A smart guy did the math

Weeks after I asked the ballistic math questions, I got this email:

Was intrigued by your trig problem.

Herewith my answers:
1) take distance and bearings at regular intervals, say 20 seconds apart.  (take bearing and ten seconds later take distance, repeat for 1 minute.  Using change of bearing and distance, plot 1 minute of travel; use of graph paper expedites solution for speed and direction.  Alternately, use similar triangles and trig functions to calculate.

2) from cannon bearing 18.33 degrees at 7.74 km.

3) after 1 minute of travel, the cannon should be laid to 23.00 degrees at 7.50km.

4) 1 MOA at 7500 meters is a bit over 2 meters dispersion.  If one assumes that both horizontal
And vertical dispersion are the same, which is NOT usually the case with arty, then the area inside the impact zone is about 4 square meters.  Given the projected area of the ship, a hit ought to be a certainty.

Regards, Historian

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3 Responses to A smart guy did the math

  1. 4 is tricky because you didn’t give the measure for your dispersion value. Is it extreme spread or standard deviation? Also at most extended ranges windage and range estimation are the big errors, not ballistic dispersion. Dispersion is generally circular, but only perpendicular to the projectile trajectory, not in the ground or target plane.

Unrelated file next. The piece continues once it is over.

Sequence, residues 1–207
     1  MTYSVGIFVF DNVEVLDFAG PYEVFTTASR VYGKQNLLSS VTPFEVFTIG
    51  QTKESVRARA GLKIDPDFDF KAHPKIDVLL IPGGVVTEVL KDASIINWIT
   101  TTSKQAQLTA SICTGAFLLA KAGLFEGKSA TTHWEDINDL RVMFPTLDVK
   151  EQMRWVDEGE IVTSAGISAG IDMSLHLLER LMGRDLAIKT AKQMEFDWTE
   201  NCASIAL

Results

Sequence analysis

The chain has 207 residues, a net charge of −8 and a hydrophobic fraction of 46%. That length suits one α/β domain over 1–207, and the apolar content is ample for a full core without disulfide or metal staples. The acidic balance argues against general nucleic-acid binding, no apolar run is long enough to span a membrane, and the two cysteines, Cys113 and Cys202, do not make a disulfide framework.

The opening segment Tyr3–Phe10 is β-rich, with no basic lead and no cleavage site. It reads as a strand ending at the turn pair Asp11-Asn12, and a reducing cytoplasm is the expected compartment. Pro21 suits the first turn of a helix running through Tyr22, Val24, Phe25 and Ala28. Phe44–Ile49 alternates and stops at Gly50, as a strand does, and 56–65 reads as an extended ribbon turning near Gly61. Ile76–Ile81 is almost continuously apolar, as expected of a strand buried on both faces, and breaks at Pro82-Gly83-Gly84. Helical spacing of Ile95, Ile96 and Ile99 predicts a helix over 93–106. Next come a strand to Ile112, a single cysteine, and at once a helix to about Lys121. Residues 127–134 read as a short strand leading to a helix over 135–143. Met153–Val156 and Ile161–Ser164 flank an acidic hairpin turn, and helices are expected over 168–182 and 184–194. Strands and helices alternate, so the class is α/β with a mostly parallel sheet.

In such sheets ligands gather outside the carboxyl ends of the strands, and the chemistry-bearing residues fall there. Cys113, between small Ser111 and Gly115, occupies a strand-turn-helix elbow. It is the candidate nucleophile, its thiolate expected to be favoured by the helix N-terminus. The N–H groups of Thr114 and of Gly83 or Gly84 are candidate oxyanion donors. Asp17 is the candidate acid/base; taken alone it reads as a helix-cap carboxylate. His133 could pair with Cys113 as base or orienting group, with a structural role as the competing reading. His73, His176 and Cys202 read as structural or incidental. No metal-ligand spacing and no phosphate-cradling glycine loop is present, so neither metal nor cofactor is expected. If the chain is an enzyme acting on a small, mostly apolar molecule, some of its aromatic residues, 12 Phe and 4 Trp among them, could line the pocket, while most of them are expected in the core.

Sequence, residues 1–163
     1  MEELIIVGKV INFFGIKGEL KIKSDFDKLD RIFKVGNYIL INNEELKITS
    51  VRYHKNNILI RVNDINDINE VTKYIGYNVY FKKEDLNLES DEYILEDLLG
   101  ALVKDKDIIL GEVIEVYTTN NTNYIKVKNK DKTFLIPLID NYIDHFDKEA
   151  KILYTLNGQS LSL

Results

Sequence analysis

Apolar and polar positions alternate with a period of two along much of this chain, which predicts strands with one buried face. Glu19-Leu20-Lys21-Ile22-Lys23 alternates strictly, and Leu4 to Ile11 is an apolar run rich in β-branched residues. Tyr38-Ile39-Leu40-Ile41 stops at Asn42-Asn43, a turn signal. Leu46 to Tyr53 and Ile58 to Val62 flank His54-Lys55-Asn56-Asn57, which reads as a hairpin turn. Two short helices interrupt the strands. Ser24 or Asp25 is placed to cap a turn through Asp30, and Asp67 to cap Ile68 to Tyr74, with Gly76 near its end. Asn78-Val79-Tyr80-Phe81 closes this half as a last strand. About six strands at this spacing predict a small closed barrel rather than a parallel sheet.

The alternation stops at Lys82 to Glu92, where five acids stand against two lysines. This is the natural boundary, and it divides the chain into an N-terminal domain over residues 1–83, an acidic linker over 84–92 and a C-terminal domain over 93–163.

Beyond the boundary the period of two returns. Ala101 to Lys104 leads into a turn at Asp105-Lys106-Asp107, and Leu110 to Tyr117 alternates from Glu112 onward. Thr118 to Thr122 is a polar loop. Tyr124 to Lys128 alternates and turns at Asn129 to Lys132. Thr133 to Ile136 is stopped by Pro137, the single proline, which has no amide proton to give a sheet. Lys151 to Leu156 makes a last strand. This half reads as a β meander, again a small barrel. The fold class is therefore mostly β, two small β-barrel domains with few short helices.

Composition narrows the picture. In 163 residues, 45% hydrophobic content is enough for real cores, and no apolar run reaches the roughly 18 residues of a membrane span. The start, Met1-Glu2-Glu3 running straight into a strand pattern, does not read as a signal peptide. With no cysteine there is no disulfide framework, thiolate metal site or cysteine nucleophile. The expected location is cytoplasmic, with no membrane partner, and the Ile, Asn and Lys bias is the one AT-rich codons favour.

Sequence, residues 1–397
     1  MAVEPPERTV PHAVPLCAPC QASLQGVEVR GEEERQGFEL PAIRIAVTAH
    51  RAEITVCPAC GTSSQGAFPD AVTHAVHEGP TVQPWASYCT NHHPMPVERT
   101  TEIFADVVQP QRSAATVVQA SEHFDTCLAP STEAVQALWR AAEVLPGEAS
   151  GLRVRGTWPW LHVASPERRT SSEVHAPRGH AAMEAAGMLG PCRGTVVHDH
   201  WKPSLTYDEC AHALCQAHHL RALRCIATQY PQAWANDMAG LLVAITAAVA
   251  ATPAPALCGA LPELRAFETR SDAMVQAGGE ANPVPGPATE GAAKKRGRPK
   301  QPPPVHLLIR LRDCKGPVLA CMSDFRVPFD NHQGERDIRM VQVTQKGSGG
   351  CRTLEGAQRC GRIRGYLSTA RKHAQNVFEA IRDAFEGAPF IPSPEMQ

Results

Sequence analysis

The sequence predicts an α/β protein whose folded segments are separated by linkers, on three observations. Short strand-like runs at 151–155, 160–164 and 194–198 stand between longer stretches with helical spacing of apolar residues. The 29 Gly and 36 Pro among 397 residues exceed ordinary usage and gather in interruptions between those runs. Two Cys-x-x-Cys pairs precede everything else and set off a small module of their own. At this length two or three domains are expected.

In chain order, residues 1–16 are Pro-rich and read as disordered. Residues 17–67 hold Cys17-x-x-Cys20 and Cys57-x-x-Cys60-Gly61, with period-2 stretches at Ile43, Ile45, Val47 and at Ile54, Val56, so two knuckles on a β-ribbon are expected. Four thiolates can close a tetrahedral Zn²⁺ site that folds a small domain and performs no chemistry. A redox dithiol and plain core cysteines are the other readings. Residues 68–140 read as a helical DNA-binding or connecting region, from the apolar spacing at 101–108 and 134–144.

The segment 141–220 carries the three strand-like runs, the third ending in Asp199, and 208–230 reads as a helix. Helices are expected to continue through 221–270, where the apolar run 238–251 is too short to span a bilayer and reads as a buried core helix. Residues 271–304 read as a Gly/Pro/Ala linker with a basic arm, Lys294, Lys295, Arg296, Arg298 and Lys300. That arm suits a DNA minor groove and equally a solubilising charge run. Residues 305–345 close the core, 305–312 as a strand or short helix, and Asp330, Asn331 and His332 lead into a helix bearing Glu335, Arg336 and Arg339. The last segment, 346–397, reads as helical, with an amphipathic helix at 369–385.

• Historian says:

      Jeff, you are right. If the SD is 1 moa, then 3 SDs is 3 MOA, or about 6 meters. Even if one assumes that this is a radius, not a width, the impact area is 96.8% likely to be within a radius of 6 meters. The implication of this is that rifles, and cannon, are far more accurate than the distance measurement and direction determining techniques used until recently. IOW, the problem with arty is figuring out exactly how far away, in what direction, and which way and how fast the target is moving. And in fact, that is the hard part of long range rifle shooting, too.

  2. Fenster314 says:

    An M114 155mm howitzer shell would be in the air for 13 seconds to hit something at 7500 meters. Depending on where on the earth it was fired from there would be a measurable and probably accuracy reducing effect from the coriolis effect due to the earth turning under the shell.

    Just sayin.

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